open & moving not sounding out. Plaster & glass dress.

Frame of the face frozen in. & you running. In place.
This was your store, your plate / glass, your café, turned in

-side out. What is tumble & shard. You see your mouth
before you hear it, all of the wax of the explosion now unplugged

& bleeding. Smoke the mouth of the door. Everything now
shaken, the salt of plaster & blood-shivers of sliver no time

to make any of this anything but the rubble of the human.
& where is she, the one I loved, who served everyone—

That is not her leg. Bloodslick & shatter. Is there nothing,
no clock alarming us out of this dream? I’m standing

in someone else’s brain. Flesh of. My place, not my flesh.
My love, I have no mouth to kiss your chosen face.


My job was to disappear. To follow orders in another
hard tongue, & hold my own. My job: to clear

the tables of the leavings, to harvest the crumbs,
to shoot the plates with so much scalding water

I could see my unshaven face in them. To plumb
the overflowing toilet, that constant fountain

of other people’s shit, I had to breathe through
my mouth, & curse. I couldn’t help myself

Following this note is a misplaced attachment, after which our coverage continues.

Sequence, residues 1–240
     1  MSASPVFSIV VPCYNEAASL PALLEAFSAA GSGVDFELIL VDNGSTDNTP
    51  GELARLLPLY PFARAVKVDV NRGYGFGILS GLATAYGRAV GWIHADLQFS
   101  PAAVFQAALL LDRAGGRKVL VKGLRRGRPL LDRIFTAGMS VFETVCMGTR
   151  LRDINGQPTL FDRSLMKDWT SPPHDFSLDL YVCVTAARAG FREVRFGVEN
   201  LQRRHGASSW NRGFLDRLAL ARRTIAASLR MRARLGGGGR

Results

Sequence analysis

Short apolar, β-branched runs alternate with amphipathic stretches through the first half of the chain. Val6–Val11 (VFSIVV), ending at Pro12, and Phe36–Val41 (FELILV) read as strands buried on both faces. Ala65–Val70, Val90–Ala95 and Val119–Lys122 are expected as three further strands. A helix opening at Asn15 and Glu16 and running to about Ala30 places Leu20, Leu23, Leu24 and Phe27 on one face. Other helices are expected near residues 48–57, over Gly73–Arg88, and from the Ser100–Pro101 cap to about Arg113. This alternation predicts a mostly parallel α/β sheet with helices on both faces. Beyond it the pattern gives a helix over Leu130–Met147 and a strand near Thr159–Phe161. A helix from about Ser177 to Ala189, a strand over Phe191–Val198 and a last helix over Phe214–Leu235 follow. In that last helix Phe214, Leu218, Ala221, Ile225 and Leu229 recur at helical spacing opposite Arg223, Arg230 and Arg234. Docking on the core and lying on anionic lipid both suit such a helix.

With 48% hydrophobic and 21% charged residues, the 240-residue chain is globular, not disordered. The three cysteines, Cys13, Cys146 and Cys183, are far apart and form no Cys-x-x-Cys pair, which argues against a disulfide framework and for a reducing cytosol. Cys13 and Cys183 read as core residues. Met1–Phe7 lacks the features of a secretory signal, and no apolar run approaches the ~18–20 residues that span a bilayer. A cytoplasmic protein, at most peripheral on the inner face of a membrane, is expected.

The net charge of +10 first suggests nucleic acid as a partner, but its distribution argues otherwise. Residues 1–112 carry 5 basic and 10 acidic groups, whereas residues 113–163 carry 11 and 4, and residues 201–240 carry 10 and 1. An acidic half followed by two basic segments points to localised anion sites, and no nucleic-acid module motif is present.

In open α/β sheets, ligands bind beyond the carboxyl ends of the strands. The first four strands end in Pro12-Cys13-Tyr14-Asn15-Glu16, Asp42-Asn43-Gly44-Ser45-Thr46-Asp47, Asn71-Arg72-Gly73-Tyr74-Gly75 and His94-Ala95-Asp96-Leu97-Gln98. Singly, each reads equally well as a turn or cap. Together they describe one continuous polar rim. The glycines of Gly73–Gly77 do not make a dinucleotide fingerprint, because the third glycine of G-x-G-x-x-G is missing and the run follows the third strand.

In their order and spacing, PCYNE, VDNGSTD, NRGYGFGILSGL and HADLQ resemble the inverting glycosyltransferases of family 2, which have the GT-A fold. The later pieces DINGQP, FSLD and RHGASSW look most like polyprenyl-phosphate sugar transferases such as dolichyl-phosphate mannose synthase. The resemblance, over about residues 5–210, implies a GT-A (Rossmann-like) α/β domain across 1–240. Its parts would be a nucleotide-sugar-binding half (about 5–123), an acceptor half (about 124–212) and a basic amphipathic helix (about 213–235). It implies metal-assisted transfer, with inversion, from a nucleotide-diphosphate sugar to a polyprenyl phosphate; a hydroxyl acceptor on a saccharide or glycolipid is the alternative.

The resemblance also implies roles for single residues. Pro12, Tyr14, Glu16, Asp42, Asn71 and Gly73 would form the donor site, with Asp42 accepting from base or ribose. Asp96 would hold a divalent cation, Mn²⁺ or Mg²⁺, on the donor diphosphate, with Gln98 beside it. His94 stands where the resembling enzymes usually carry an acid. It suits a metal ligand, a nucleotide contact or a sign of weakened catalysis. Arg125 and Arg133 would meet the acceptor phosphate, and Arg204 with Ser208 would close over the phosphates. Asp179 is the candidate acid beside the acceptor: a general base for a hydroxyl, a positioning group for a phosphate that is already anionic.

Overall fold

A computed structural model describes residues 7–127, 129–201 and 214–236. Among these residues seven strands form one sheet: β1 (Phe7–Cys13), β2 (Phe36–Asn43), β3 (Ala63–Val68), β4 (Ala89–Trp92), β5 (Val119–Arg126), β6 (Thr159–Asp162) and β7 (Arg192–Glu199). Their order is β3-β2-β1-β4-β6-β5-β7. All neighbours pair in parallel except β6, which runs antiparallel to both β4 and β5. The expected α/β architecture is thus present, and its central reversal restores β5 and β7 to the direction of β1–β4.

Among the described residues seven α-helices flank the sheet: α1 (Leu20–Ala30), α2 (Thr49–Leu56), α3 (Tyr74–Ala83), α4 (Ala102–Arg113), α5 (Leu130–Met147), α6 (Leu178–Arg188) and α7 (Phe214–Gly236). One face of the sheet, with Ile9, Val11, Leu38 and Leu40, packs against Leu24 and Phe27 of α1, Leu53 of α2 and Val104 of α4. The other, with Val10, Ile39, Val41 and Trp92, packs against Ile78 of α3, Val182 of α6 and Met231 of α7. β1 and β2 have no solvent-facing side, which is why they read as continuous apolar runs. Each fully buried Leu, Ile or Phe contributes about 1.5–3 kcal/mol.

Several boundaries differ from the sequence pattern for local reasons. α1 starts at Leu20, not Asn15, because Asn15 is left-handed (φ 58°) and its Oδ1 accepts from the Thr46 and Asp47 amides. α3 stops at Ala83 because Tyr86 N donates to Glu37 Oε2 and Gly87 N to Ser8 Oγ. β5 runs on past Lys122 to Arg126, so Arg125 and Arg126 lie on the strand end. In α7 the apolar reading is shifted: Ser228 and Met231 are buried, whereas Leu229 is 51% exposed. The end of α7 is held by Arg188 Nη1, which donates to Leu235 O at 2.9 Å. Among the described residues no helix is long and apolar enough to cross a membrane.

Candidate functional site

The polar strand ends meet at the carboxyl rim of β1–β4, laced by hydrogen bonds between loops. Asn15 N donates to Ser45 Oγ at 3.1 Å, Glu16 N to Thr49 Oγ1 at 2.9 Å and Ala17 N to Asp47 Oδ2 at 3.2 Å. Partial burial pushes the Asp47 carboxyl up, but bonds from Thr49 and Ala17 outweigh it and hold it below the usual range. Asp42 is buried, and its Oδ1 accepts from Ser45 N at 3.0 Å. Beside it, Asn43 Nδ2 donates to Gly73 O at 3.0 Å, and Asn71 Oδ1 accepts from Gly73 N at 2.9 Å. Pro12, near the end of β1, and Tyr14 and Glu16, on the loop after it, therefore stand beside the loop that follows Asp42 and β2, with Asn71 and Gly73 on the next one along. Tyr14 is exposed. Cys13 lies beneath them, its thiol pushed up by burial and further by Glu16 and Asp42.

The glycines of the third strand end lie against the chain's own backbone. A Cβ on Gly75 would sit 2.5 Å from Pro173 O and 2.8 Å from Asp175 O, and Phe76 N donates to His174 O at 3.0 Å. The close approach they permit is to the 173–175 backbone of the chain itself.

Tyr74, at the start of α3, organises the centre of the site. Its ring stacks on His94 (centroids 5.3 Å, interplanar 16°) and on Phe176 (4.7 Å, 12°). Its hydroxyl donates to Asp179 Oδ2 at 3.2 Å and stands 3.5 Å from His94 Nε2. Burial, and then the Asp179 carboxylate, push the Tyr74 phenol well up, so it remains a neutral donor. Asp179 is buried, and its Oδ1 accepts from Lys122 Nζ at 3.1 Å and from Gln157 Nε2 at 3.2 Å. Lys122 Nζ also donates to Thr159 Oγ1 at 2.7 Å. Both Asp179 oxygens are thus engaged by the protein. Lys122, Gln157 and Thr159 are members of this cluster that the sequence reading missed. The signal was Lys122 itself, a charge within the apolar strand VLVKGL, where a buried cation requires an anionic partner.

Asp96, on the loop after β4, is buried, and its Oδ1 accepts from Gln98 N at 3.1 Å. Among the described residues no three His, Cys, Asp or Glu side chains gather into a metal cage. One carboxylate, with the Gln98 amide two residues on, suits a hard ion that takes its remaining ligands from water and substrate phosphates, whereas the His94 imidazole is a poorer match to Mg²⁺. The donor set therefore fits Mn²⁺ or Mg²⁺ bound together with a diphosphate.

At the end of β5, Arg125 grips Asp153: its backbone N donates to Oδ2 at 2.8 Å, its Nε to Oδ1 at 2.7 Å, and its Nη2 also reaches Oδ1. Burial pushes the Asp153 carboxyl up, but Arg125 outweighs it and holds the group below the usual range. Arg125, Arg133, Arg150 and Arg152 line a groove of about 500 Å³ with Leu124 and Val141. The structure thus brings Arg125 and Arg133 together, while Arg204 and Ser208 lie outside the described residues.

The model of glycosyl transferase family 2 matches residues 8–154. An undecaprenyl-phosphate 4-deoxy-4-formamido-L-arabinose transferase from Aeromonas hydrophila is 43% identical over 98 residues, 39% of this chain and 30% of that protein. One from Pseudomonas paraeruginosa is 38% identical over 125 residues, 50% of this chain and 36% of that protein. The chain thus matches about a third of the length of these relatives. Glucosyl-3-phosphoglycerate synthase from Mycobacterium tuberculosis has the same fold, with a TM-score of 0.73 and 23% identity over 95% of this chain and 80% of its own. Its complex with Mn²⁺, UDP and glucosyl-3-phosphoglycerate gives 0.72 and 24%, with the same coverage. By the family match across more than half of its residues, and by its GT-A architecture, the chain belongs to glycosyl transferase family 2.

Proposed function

to what others could not eat—it was not my own,
it lingered against their mouths, who cursed the wealth

of my slowness, or did not hear their call, or heard
their hidden distaste. So when he sat down,

his eyes darting, I knew this was my chance
to choose my fate, to end my disappearance—


It’s because I wanted it to happen. Longed & waited.
Let there be flash & flood, I said, let there be black

& acrid / choking lungs. I said, yes, send
rivulets of blood, plaster in the scalp, democratic,

& dark hovering over the surfaces of everything.
Let there be klieg lights & sudden cameramen & lens

& cordons policing the scene, the secular expanse
of a café now sacred by blood. & let us sing

this memorial to the lost, this blessed loneliness—
let there be blood to remind our people who we are

& what we have suffered at the gloves of our oppressor,
those long & desolate years, our lips probing a font

from a rock. To remember that this is nothing if not war,
& in this tide of blood we all get what we want.


In the other room I heard you asking your mother:
“am I a Palestinian?” When she answered: “yes,”

a heavy silence fell on the whole house. It was
as if something hanging over our heads had fallen, its noise

exploding, then—silence. Afterwards, I heard you crying.
I could not move. There was something bigger

being born in the other room. As if a blessed scalpel
was cutting your chest & putting there the heart

that belongs to you. I was unable to move, to see
what was happening. A distant homeland born again: hills,

plains, olive groves, the dead, torn flags, all cutting their way
into a future of flesh & blood. Man is born suddenly—a word,

in a moment, begins a new throb. One scene can hurl
him down from the ceiling of childhood onto the rugged road.

Thanks to Field: Contemporary Poetry and Poetics for continuing to publish challenging and thoughtful poetry, including this one.